Our observations support the conclusion that these β-keratin nanostructures are self-assembled within medullary keratinocytes. To examine the mechanism of self-assembly further, we compared the shapes of spongy medullary nanostructures from bird species with channel-type (n=9) and spherical-type (n=6) bird feathers with experimental data from a polymer blend undergoing phase separation by spinodal decomposition (SD; Takenaka & Hashimoto 1992).
3. Self-assembly by phase separation
Self-assembly is a ubiquitous phenomenon where molecular interactions and thermal fluctuations guide the formation of structures at the supermolecular, nano- and microscales (Jones 2002). We hypothesize that the sphere and channel nanostructures in medullary cells self-assemble during the phase separation of β-keratin from the remainder of the cytoplasm.
The stability of a mixture of two fluids depends on both the interactions between individual molecules and the concentrations of the components (Jones 2002). Entropy, embodied by random thermal fluctuations, typically favours the stability of a mixture. Repulsive interactions between dissimilar molecules favour the separation of the two molecular species into two distinct macroscopic phases. Vivid examples of this phenomenon can be found in the kitchen. To the pleasure and frustration of many, ethanol and water readily form stable mixtures, while oil and water in salad dressing separate when they are not vigorously mixed. The stability of a mixture can depend on the relative proportions of the fluids or other thermodynamic parameters, such as temperature.
The impact of the interplay between the entropy and molecular interactions on the stability of a mixture is embodied in a phase diagram (figure 3; Jones 2002). The mixture is stable when the repulsive molecular interactions between different molecules, measured by the parameter Χ, are small compared with the random energy available from thermal fluctuations, measured by kBT, where kB is Boltzmann's constant and T is the absolute temperature. Below a critical value of kBT/Χ, typically of the order of 1, the stability of a mixture depends on its composition, the proportions of the two fluids. In figure 3, ϕ indicates the volume fraction of one molecule in the mixture. For example, ϕ=0 or 1 would be a pure sample of molecule A or B, while ϕ=0.5 would be a one-to-one mixture of A and B. While systems consisting almost entirely of one molecular species remain stable, systems with intermediate compositions will unmix or phase separate into two stable compositions. Mixtures will be stable at all compositions above the phase-separation boundary (figure 3, solid line), but will phase separate below that line.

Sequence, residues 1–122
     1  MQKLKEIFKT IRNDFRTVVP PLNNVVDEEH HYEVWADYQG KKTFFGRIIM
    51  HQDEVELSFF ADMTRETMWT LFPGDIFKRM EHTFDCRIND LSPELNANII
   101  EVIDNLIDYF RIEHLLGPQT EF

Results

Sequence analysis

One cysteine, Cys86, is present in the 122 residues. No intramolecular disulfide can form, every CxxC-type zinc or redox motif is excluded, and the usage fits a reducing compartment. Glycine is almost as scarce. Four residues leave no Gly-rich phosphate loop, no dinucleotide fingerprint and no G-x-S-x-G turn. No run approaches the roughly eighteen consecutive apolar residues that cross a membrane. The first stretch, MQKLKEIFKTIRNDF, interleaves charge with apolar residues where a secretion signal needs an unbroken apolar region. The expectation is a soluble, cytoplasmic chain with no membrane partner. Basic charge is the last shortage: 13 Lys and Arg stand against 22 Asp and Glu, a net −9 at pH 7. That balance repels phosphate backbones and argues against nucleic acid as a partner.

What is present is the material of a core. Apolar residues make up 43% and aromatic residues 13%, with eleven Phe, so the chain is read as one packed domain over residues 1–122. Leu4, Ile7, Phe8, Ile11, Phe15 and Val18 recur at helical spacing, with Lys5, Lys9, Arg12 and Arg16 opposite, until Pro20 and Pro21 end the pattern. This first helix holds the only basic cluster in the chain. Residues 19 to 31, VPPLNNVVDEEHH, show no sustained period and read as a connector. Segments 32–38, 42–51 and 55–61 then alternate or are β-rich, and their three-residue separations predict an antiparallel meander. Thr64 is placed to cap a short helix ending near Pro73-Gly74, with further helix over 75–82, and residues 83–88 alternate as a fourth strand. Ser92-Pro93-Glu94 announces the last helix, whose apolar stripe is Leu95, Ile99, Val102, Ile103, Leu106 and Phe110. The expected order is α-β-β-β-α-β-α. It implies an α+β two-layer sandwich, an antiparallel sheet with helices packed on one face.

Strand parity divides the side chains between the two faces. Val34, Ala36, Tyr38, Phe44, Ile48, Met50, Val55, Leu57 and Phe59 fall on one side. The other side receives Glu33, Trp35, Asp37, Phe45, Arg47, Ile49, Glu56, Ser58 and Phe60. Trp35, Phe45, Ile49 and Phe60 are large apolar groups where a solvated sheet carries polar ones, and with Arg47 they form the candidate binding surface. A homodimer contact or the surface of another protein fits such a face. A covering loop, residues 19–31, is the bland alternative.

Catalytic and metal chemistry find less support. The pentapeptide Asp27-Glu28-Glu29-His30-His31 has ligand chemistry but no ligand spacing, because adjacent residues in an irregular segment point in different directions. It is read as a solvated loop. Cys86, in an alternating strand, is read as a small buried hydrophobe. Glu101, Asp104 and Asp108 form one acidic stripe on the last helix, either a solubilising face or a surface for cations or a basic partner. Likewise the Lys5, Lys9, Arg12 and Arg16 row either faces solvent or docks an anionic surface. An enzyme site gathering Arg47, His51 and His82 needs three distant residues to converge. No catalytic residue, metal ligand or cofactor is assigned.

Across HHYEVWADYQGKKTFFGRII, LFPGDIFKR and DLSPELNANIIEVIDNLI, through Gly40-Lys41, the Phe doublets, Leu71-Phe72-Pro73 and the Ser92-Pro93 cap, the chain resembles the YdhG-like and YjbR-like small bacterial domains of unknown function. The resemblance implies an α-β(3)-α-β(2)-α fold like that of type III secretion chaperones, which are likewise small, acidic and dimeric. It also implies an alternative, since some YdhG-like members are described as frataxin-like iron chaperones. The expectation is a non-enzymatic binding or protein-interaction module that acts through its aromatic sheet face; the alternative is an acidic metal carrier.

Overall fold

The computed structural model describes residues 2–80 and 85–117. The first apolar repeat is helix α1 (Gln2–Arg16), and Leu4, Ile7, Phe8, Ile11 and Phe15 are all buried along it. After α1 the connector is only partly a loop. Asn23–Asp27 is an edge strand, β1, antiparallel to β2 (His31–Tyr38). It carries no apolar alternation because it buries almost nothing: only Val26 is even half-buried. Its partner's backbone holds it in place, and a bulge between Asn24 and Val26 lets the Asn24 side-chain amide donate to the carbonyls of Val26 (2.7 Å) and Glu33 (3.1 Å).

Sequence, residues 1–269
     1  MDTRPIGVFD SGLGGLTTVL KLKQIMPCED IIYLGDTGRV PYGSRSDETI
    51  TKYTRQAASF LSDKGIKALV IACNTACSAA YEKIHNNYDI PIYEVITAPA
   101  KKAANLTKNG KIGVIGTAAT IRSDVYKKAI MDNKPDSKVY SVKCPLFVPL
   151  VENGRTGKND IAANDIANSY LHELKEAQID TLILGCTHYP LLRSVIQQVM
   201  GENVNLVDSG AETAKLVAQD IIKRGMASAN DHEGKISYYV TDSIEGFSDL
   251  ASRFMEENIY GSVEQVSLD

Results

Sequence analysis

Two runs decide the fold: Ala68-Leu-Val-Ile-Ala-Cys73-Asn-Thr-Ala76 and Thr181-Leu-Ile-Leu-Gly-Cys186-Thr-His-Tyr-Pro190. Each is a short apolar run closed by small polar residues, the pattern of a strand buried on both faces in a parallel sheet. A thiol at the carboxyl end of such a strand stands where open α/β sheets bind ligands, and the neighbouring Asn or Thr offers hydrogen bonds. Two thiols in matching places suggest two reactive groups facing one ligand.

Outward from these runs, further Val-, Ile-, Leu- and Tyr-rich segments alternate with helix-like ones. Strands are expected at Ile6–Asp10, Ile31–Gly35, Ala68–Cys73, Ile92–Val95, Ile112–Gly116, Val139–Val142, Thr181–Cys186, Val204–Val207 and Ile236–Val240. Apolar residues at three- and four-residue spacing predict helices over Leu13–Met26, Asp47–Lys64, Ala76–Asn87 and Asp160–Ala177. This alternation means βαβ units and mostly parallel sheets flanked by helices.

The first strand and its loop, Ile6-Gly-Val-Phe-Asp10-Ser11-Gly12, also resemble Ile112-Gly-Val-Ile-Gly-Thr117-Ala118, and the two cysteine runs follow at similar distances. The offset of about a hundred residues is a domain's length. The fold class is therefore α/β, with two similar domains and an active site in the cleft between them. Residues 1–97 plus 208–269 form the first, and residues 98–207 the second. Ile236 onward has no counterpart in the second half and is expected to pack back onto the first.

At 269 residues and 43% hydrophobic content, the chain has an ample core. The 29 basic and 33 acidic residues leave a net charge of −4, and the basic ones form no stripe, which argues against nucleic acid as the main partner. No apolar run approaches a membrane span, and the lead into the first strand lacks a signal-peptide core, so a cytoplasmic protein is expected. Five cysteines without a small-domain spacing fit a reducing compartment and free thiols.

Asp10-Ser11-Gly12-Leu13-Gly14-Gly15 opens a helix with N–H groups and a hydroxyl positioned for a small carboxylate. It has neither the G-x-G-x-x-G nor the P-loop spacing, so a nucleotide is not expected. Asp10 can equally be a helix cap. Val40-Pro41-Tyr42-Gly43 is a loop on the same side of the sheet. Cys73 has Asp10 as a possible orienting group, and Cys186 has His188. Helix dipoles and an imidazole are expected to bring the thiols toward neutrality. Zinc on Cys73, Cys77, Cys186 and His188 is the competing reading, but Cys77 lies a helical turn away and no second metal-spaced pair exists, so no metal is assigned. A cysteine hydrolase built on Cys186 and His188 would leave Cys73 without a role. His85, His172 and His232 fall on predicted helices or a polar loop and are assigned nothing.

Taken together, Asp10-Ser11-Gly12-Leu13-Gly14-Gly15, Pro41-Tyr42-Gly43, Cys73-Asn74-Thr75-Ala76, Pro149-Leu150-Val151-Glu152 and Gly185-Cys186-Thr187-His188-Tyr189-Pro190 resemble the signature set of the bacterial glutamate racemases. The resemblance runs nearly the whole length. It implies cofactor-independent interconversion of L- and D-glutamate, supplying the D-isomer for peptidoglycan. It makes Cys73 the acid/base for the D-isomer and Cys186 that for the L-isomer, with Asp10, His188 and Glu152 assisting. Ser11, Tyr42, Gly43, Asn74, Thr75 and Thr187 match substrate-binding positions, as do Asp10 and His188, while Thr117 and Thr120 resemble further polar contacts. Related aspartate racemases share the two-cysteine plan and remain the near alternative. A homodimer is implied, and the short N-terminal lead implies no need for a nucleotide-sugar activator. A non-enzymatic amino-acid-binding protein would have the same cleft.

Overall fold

The mechanism by which phase separation proceeds depends on the stability of the system to small fluctuations in composition. When there is no activation barrier to separation, a mixture is unstable and phase separation occurs through a relatively smooth and well-characterized process called SD. When an activation energy barrier stabilizes the system against demixing, a mixture is metastable and will not phase separate unless it is ‘seeded’ with an initial particle composed of the minority phase that is above a critical size (Jones 2002). This mechanism of phase separation is called nucleation and growth. Nucleation can occur by random thermal fluctuations or by interactions with edges or impurities (Jones 2002). In figure 3, the solid line, called the binodal line, marks the boundary between mixed and phase-separated systems. Just below the binodal, mixtures separate via nucleation and growth. Below the dashed spinodal line, systems unmix by SD (figure 3).